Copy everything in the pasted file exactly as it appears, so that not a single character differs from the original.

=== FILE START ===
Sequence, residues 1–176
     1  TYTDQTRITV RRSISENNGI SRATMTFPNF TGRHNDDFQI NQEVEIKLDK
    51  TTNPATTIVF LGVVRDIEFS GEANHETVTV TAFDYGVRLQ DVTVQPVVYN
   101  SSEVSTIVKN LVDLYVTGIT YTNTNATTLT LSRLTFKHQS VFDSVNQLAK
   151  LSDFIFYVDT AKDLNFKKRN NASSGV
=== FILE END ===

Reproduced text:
Sequence, residues 1–176
     1  TYTDQTRITV RRSISENNGI SRATMTFPNF TGRHNDDFQI NQEVEIKLDK
    51  TTNPATTIVF LGVVRDIEFS GEANHETVTV TAFDYGVRLQ DVTVQPVVYN
   101  SSEVSTIVKN LVDLYVTGIT YTNTNATTLT LSRLTFKHQS VFDSVNQLAK
   151  LSDFIFYVDT AKDLNFKKRN NASSGV